Planning delay a ‘black hole of bureaucracy’; Decision met with delight;
Apple, the company at the heart of the legal challenge, was silent following the outcome of the ruling by Mr Justice Paul McDermott. The US tech giant had warned previously that the Athenry project could be shelved if it were subject to further delays.
While welcoming the decision that paves the way for construction of Apple’s ¤850 million data centre in Athenry, business representative bodies and politicians criticised the delays in the planning process and are calling for reform.
Chambers Ireland said “spurious attempts to undermine the State’s planning processes and bodies should no longer be tolerated”.
The chamber pointed out that an Apple data centre in Denmark is nearing completion, having been announced at the same time as the Athenry project.
Chamber chief executive Ian Talbot said: “Cases such as this cause reputational damage on an international scale and directly threaten the likelihood of foreign direct investment companies choosing Ireland as a destination.”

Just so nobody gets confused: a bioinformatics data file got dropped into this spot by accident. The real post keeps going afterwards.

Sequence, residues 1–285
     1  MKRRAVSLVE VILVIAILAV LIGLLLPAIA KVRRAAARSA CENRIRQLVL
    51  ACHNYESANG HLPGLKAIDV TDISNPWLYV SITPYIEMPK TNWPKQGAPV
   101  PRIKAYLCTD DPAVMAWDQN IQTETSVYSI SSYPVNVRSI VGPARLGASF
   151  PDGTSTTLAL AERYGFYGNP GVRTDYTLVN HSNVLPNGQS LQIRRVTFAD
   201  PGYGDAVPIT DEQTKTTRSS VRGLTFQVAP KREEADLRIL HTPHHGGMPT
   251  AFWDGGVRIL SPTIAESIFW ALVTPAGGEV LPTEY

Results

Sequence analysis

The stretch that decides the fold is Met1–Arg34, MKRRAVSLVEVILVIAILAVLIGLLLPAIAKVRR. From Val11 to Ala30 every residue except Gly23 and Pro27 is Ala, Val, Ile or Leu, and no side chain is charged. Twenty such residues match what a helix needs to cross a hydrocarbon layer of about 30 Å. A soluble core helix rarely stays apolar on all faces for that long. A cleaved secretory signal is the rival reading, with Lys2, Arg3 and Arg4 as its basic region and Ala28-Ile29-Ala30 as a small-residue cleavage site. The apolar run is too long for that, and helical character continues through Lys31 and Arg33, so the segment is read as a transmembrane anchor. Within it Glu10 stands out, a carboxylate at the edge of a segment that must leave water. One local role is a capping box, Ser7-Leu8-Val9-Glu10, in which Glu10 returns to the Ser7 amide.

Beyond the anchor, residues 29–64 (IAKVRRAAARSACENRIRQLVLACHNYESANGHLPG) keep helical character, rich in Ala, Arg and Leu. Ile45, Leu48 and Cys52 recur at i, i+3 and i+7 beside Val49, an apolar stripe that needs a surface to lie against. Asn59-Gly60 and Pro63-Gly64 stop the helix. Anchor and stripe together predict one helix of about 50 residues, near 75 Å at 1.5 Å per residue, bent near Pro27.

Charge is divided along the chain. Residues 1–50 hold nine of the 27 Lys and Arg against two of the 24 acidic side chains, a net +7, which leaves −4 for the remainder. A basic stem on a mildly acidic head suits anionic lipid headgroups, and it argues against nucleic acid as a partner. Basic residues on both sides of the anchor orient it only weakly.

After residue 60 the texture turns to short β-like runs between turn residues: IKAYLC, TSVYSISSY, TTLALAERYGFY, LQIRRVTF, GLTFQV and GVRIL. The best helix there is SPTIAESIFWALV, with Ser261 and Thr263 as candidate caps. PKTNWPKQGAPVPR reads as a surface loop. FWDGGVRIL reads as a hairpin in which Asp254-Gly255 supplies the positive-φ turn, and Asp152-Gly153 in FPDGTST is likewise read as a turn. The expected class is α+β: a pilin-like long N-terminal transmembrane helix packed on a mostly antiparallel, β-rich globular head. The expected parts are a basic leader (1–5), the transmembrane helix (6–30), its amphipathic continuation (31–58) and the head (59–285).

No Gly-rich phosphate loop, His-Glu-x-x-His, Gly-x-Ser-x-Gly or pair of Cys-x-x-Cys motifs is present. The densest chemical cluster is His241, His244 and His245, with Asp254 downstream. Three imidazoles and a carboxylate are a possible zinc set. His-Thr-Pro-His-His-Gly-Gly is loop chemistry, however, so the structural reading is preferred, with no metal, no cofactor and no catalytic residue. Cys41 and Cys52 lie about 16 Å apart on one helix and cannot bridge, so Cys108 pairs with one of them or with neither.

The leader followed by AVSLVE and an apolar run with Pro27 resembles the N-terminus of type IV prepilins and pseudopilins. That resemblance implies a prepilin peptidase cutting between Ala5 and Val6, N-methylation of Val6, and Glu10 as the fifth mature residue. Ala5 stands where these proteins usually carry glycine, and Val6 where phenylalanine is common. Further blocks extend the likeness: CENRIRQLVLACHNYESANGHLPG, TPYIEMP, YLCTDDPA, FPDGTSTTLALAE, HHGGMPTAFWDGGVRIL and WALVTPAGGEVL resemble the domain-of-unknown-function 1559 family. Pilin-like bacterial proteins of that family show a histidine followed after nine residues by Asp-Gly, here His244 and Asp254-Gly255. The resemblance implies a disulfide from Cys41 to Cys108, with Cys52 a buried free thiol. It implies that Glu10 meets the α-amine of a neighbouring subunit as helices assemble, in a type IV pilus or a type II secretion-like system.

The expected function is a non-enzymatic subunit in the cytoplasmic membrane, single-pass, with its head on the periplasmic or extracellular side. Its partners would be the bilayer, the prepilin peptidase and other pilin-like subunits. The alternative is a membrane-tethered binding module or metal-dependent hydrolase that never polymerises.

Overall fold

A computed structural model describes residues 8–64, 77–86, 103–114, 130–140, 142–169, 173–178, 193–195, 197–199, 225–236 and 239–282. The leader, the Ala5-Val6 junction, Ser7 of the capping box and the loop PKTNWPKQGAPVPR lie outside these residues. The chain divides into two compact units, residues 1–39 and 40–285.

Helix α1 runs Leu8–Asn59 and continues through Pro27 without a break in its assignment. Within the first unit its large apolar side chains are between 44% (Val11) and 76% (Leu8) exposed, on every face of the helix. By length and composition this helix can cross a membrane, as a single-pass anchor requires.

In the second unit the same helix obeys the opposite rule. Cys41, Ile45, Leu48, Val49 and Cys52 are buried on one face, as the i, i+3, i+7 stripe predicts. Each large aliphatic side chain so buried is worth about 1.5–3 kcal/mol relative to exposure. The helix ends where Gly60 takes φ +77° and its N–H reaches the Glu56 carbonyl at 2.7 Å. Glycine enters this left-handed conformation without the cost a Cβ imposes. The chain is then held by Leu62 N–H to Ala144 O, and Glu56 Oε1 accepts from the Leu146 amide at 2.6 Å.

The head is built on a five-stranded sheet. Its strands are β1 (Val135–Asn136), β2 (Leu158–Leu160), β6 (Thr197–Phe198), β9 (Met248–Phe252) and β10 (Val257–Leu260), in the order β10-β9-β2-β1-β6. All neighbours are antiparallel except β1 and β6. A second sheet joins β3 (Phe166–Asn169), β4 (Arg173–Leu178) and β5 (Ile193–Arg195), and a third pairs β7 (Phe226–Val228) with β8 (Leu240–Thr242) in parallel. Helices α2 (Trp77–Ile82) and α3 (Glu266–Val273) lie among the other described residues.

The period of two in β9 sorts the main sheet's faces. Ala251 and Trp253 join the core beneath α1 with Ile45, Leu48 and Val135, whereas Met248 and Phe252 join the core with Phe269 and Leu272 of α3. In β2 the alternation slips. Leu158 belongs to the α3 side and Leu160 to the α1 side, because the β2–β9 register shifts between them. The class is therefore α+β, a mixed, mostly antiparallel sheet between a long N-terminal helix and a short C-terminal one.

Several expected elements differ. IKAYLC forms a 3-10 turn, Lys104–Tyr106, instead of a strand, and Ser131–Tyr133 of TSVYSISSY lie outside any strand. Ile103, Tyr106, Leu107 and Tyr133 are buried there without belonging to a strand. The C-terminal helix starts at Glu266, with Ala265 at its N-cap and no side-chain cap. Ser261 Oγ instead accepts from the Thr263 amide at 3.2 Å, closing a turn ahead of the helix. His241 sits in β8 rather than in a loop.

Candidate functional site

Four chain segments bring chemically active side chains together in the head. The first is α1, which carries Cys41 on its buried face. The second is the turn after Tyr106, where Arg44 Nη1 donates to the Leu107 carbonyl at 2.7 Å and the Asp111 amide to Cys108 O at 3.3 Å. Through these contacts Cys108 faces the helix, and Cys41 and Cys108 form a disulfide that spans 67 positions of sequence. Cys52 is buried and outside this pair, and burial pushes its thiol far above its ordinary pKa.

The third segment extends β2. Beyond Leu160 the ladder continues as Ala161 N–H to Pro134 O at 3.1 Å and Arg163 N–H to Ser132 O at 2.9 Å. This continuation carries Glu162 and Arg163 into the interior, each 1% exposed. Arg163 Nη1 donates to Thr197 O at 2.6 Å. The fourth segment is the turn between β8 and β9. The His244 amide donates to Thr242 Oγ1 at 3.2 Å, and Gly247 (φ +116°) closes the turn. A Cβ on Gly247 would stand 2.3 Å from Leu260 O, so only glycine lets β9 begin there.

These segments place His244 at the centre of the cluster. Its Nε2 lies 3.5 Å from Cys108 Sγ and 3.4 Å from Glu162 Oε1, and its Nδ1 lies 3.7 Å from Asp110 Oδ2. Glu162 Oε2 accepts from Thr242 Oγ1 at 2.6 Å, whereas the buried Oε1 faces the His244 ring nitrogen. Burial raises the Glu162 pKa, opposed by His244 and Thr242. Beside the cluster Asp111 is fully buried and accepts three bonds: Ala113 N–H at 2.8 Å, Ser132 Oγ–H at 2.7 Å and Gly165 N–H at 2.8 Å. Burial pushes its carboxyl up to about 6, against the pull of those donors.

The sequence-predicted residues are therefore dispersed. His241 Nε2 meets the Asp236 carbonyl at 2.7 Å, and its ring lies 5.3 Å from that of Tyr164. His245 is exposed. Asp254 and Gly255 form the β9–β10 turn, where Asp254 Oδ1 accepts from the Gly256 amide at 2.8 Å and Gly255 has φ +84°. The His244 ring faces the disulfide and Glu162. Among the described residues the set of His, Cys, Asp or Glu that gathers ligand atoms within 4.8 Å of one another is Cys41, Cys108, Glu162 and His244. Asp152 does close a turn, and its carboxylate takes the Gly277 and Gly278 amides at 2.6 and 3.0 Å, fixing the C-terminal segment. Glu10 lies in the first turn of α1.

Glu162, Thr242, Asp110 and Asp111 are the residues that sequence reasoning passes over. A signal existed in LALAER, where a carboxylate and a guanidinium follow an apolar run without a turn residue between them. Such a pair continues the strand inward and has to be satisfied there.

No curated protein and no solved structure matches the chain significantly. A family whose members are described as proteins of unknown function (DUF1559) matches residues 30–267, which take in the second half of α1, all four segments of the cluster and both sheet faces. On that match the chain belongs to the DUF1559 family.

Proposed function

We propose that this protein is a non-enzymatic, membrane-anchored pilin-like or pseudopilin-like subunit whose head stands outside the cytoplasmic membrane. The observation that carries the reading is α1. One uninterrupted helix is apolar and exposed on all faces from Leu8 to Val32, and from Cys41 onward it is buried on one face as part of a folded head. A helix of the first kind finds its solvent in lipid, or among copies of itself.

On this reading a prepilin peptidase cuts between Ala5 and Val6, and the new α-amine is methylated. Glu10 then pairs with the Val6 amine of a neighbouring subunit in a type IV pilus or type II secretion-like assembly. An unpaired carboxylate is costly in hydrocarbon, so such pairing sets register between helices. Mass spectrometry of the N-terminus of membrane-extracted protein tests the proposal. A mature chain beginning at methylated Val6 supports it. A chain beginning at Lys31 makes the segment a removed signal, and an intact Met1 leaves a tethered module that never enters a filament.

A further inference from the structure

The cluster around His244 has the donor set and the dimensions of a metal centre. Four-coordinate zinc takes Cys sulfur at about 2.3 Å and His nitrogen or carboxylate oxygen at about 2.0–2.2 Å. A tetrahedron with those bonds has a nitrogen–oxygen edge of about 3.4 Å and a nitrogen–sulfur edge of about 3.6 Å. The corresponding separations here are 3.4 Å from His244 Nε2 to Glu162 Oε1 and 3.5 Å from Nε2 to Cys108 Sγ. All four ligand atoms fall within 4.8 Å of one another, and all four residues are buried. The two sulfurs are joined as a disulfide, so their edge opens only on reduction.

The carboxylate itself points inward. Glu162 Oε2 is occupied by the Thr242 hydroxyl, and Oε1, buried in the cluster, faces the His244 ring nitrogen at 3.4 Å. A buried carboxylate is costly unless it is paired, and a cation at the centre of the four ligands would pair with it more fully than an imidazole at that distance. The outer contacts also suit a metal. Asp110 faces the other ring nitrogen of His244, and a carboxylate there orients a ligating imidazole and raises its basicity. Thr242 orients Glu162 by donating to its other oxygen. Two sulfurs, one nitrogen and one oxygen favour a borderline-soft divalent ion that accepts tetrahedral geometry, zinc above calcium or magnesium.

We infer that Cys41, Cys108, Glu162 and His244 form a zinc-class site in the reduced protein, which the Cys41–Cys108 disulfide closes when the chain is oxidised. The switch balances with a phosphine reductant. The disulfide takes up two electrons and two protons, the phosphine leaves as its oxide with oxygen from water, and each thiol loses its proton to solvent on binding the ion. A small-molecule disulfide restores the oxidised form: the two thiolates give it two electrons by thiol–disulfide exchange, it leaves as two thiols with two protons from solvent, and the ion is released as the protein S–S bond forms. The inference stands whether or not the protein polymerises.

The issue of reputational damage was picked up by Minister of State Seán Kyne, a TD for the Galway-West constituency. Mr Kyne said that while the court ruling was “great news for Athenry and the country”, the delays have caused “some loss of reputation internationally”.
Mr Kyne’s Dáil colleague, Independent Roscommon TD Michael Fitzmaurice, called for a review of the planning appeals process.
“In light of the time that it took to arrive at this decision, we will have to take a critical look at this whole process,” he said. “The way it stands it is far too slow and is a threat to employment and the economy in general.”
Other critics included Ibec, who called it a “black hole of bureaucracy”.
Órla Casey, an executive at the business lobby group, warned that delays such as those in the Apple Athenry case meant we could see these projects go elsewhere.
“Unfortunately, high-profile cases like this might amplify the perception that Ireland is a difficult place to do business. There are plenty of examples of both public and private projects being derailed due to inbuilt flaws in the planning system,” she said.